This morning I felt my second earthquake in the Bay Area. Funny how these things tend to happen toward the end of August. It was ten minutes to 7am; I was just getting out of bed when I thought I felt a slight tremor. It was a single light jolt. I heard the walls and my bookshelves creak as the wave moved east to west through my studio.
And that was it. It was so nearly unnoticeable that I had to verify on social media, as is the way of things now. Naturally, it was flooded with #earthquake posts time-stamped in the preceding minute, so I wasn’t going crazy.
It took another ten minutes to show up on the USGS site. Just a 4.0, nothing to sneeze at. It was centered in the hills east of Oakland, near the Caldecott Tunnel and within the simulated space of Sim City 2000’s Oakland Firestorm scenario.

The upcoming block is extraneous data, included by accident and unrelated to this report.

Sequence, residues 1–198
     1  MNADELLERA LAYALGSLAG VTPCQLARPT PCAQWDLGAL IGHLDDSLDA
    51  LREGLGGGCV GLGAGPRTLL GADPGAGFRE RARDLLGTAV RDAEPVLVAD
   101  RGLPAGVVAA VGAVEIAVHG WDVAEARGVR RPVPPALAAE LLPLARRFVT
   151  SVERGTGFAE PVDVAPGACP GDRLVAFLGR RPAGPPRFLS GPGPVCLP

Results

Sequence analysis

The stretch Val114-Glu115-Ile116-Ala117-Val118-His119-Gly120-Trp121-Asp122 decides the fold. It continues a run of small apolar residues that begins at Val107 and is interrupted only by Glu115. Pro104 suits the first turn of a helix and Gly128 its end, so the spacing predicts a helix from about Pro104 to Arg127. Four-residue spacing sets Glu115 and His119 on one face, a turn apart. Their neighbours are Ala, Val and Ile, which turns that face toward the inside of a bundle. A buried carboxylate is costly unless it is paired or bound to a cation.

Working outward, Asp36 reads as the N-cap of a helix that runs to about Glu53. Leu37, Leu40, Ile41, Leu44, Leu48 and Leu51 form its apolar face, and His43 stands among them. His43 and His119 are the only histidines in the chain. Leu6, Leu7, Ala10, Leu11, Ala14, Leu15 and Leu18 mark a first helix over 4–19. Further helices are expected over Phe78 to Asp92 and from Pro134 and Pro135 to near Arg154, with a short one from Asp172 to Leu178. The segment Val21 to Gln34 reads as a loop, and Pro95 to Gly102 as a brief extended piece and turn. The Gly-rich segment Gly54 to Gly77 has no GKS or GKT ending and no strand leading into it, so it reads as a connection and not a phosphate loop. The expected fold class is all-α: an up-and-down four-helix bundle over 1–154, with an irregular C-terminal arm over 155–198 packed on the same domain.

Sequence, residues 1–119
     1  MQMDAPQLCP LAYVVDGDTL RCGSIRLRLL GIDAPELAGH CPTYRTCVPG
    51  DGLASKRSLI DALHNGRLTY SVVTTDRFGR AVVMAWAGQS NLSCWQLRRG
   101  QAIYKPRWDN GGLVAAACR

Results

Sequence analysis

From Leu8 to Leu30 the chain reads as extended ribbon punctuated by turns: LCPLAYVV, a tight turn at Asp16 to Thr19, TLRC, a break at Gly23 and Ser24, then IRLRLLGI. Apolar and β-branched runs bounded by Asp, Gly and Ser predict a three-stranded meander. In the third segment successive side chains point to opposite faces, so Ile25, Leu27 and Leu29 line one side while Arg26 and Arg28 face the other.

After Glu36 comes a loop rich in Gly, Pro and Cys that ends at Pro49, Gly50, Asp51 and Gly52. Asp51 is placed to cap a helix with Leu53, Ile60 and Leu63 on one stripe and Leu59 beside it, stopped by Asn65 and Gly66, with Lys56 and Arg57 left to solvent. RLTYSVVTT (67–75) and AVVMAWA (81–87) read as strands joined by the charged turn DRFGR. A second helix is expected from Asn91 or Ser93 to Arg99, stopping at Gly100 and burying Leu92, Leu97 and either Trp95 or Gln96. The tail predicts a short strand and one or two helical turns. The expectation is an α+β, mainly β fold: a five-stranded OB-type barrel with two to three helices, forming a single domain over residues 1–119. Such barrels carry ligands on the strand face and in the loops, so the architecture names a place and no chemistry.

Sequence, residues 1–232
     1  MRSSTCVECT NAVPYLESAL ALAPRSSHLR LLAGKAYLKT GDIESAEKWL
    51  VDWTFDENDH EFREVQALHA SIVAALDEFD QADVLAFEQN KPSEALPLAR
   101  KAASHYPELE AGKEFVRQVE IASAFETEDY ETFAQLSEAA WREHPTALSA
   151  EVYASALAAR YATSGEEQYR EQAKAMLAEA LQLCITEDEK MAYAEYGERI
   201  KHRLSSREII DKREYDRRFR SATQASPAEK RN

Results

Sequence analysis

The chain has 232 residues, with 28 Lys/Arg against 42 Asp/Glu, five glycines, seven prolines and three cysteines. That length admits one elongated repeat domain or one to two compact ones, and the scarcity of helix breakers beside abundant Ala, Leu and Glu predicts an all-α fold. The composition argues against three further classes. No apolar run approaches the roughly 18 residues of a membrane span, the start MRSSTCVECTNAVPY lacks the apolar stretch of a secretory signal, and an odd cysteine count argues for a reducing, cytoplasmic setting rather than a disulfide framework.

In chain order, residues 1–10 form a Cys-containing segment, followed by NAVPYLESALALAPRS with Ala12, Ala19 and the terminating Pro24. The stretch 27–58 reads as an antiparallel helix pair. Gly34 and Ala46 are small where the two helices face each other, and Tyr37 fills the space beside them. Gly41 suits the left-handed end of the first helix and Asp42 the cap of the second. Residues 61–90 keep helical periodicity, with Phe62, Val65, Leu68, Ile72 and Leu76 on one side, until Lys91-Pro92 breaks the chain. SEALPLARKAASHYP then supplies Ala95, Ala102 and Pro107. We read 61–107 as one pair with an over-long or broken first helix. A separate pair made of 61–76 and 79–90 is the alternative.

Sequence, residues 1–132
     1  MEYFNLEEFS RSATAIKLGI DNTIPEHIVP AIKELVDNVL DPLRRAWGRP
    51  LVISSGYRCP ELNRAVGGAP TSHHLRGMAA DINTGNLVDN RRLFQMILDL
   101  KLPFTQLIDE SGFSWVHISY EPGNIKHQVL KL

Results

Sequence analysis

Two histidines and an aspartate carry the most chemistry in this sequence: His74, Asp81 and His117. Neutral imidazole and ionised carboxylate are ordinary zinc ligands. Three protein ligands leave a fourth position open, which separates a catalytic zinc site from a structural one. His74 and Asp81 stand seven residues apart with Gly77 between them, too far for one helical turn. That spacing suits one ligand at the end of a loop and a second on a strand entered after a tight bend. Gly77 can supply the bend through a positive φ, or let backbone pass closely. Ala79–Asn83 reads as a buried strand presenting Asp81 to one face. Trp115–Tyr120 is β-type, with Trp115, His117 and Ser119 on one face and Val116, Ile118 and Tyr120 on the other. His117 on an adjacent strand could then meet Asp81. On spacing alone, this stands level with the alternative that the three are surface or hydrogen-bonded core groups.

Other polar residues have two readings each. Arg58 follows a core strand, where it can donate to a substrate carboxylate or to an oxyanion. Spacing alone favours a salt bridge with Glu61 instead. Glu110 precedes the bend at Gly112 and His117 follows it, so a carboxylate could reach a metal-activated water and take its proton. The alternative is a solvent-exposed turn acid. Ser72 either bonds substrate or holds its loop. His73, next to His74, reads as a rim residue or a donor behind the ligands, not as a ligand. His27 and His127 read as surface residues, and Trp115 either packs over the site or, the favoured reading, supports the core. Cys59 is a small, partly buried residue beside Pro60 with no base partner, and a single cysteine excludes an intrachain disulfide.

On the former sand dunes of the Sunset, the damped tremor barely caused a vibration in my furniture. Across the Bay, apparently it was a newsworthy event, notable enough to carry the #earthquake tag to #1 on Twitter (still) and make headlines throughout the major online news outlets.
This wasn’t nearly as exciting as the first one, the one that finally welcomed me to California after three years. (Aside: exciting!? people are dying out there!) But, today’s was nearly 1000 times weaker.
The good news is that this is the second minor earthquake on the Hayward Fault in a month. The consensus is that the next Big One will happen in the East Bay, and if my understanding of seismology is correct, the more minor quakes we have on a given fault, the less strong the next major one will be. Release of energy, and all that.
Let’s hope so. But until then, I kind of enjoy these little quakes. To quote the poet Anthony Kiedis, they’re just another good vibration.